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The social media trends change very fast, almost every day but one thing that hasn’t lost its charm over the years is the consumption of memes on social media. Even if someone avoids the Internet and social media, they are almost certain to have come across funny memes somewhere or the other whether in print media or in marketing advertising. That’s because memes have a lot of potential for shaping ideas and establishing a conversational environment.
Memes are amusing photographic or audio-visual representations created for fun and entertainment. They are frequently built on sarcasm, satires, parody, or just simple jokes and they use different images or snippets from the many types of media available on the internet.
The meme culture sector thrives in the grey zones of intellectual property, where creativity and innovation flourish despite the lack of protection provided by IP regulations.
Paintings, sculptures, drawings (including diagrams, maps, charts, or plans), engravings, photos, works of architecture, and works of artistic handicraft all come under the definition of “artistic works” as stated in section 2 (c) of the Copyright Act, 1957. Most images/photographs used in memes are copyrighted, thus distributing them without permission constitutes an infringement.
Furthermore, as stated in section 14 (c) of the Act, the Copyright Law gives the right holders the sole authority to do or authorise someone else to do a replica of their copyrighted work. For example, if a photograph of Akshay Kumar is used in a meme and the photographer owns the copyright to the photograph, then both Akshay and the photographer have image rights and copyright to the photograph, and might sue for claimed infringement.
Memes are constantly and quickly traced on social media platforms, and they become viral very fast but the question that lies here is if duplicating someone’s work (meme) legal or not? The Copyright Act of 1957 protects the rights of meme creators who invest a lot of work, expertise, and time into creating a meme. The fact that the meme creator’s identity is primarily unknown does not allow another person to exonerate or protect him from facing legal action.
However, till date there hasn’t been any proper case over infringement of copyright when it comes to a meme. This is because of the legal concept of “fair use” which comes to the rescue in cases of copyright infringement.
Section 54 (1) of the Indian Copyright Act, 1957, defines fair use concept as “fair dealing with any work.” In cases when copyright infringement would otherwise occur, fair use is a valid defense. A meme shared on social media is considered a derivative work, and only the owner of the copyright has the legal authority to create one. The copyrights of the owner, on the other hand, are not absolute and irreversible.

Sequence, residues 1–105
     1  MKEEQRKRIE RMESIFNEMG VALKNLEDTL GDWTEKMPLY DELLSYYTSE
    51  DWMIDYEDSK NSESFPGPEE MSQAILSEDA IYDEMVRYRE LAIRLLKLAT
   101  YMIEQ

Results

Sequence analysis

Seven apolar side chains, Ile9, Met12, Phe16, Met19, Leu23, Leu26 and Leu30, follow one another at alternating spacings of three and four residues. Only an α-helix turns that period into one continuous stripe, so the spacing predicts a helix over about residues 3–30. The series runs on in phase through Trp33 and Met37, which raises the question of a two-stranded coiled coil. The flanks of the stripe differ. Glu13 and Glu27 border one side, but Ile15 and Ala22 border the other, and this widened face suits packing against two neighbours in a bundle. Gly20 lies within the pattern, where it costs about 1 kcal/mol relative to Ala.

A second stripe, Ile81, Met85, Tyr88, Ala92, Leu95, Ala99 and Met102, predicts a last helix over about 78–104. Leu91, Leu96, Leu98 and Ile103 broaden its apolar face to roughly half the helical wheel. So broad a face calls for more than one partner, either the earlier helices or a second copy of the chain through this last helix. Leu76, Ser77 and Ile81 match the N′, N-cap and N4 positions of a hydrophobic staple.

In order to acquire the fair use defence in India, a creator must meet two conditions: (i) there must be no purpose to compete with the copyright owner; and (ii) there must be no inappropriate use of the original photograph/image/video, etc.
Market Substitution Test:
The first criterion, often known as the market substitution test, is easy to pass because the main goal of a meme is to take a sarcastic or funny view of anything involving someone, rather than to compete with the copyright holder.
The second criterion addresses the concept of ‘improper usage,’ which is a very wide term that cannot be defined in a strait jacket definition, but rather has to be interpreted. Because memes are intended for amusement, they rarely fall under the category of improper use unless they appear to be grossly objectionable to the right holder.
The Copyright Act outlines four considerations that can be used to decide whether or not the use of copyright material is fair, although none of them are conclusive. The aim and nature of the usage fall under the first of the factors, while the type of the copyrighted work is the second. The third consideration considers the significance of the part used in relation to the entire copyrighted work, whether or not is it substantial. The final consideration is the impact of the usage on the prospective market for the copyrighted work. If we consider the last factor, memes are rarely used for commercial purposes and are mostly exclusive for entertainment purposes.
Memes have little economic value and, as previously noted, are typically protected by the fair use doctrine. However, while creating memes for fun is OK, if they are used for commercial or promotional purposes, proper consents and licenses from the copyright owners should be sought to avoid legal repercussions. So, the next time you come across a meme that you want to share, give credit where credit is due if you know who made it.
Author: Saumya Tripathi – a student of Vivekananda Institute of Professional Studies (Delhi), in case of any queries please contact/write back to us via email [email protected] or contact us at IIPRD.